Multiculturalism In Adib Khan’s Seasonal Adjustment

Jaywant A. Mhetre


          The present paper explores the multicultural aspects such as cultural conflict, diversity, assimilation, ethnic diversity in the novel Seasonal Adjustments of Bangladeshi origin Muslim writer, Adib Khan. It is significant that Khan’s first foray into writing was about the experiences of conflict and adjusting a new culture. His first novel, ‘Seasonal Adjustments’ (1994) is a thoroughly absorbing account of culture, family and faith told by a man who has a tenuous relationship with all three. ‘Seasonal Adjustments’ went on to win the Commonwealth Writers Prize first book award, after winning several other awards. Adib’s characters struggle to identify with a nation, culture and family they are no longer familiar with. Adib Khan’s body works gives the impression on meditation on a theme, with its focus on loss, regret, secrets and family history, all played out against a backdrop of cultural fragmentation. In all his work, his preoccupation has been with identity, particularly identity of the migrant and search for self. Khan uses his own experience of cultural fragmentation to tease out the betrayals and inconsistencies, the idealism and the bigotry that infest nationalism, as well as illustrate the lack of secure identity for these who are alienated from their country of birth.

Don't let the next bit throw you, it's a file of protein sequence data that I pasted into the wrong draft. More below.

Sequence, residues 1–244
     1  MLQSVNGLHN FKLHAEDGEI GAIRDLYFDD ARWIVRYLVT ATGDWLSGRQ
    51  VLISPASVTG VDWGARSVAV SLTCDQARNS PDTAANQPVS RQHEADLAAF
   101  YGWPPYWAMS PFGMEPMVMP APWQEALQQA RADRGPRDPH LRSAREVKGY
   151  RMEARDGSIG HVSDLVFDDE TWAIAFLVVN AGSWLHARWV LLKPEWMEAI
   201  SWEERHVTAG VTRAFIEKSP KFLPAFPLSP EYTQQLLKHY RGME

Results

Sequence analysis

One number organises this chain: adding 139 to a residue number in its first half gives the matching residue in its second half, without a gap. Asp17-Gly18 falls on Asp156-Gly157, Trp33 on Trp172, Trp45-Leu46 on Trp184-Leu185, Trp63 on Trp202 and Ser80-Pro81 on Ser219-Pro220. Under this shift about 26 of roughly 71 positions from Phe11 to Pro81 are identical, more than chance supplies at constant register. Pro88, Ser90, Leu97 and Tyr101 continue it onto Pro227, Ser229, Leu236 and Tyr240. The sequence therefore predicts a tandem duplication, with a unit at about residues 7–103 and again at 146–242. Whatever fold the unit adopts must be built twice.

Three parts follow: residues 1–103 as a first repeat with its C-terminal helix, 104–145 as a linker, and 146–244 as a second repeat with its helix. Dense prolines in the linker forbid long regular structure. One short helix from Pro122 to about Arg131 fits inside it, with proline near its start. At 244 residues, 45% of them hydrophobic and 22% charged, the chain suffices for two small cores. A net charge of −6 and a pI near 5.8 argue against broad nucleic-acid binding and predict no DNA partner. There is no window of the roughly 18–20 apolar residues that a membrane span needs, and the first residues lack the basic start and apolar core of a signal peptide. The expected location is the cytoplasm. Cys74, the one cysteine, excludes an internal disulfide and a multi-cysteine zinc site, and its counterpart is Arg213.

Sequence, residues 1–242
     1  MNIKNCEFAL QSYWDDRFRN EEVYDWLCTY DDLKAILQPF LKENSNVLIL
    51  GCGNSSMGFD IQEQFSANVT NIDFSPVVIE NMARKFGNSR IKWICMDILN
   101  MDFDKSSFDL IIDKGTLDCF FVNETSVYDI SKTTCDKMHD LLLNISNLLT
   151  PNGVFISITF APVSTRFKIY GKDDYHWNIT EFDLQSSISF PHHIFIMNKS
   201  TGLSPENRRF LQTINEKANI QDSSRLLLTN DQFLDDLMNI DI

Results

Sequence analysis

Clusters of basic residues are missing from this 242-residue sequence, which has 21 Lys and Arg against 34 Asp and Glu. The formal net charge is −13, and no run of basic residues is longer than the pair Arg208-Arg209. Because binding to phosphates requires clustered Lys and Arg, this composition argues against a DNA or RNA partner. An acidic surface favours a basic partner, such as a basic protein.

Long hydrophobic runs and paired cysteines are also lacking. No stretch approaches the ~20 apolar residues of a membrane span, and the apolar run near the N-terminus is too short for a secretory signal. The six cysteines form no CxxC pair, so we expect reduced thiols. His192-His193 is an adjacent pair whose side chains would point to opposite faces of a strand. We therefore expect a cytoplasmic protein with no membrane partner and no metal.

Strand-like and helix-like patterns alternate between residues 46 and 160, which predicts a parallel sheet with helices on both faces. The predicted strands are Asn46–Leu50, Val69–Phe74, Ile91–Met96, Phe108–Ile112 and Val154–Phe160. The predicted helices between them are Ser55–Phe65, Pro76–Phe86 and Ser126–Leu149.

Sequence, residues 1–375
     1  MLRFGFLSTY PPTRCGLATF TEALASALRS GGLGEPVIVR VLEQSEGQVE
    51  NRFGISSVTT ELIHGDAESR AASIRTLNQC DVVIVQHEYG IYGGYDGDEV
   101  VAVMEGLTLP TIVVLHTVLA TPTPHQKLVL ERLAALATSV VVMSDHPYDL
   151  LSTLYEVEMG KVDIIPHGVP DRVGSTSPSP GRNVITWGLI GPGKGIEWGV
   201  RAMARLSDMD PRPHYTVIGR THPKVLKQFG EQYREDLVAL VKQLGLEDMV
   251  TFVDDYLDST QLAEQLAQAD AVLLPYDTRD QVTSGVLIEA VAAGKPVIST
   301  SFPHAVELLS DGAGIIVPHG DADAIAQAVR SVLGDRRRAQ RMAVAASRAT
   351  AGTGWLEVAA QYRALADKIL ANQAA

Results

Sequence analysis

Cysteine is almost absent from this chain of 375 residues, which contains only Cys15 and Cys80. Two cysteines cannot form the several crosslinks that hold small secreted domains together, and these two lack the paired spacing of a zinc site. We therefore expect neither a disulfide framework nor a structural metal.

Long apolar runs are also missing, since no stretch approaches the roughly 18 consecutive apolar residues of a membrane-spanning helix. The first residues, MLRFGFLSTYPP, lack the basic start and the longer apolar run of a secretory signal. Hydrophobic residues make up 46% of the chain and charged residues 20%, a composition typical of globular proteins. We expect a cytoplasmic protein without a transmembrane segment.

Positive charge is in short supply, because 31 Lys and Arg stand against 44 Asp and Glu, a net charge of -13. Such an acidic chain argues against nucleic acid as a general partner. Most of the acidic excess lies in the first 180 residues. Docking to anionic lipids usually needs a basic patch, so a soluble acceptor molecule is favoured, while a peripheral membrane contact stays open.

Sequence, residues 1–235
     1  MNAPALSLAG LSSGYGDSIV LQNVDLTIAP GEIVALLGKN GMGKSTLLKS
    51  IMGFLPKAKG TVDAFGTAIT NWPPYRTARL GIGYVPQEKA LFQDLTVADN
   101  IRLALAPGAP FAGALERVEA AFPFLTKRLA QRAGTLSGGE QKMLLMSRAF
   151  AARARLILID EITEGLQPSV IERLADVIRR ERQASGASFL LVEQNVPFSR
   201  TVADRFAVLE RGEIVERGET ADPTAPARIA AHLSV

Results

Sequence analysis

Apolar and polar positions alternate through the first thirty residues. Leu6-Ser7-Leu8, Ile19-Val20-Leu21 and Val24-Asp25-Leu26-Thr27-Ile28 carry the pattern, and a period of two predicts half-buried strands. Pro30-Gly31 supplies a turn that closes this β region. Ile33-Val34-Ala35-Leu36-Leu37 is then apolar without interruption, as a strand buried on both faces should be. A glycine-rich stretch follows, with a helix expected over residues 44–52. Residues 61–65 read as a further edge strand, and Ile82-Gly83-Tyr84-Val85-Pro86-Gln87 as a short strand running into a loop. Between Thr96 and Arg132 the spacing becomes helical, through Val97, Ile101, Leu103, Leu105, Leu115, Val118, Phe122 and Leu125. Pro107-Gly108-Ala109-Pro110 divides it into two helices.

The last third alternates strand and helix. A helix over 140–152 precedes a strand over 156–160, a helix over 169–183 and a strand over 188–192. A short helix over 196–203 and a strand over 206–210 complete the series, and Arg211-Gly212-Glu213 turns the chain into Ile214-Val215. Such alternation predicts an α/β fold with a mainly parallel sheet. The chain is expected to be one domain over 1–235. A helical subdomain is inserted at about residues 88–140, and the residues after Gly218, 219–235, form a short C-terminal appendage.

Cultural conflict, Adib Khan, Identity, Ethnic diversity etc

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Raj Kumar Mishra Universal Research Journal of Education and General Studies Vol. 1(3) pp. 065-071, March, 2012 Available online Copyright © 2012 Transnational Research Journals.


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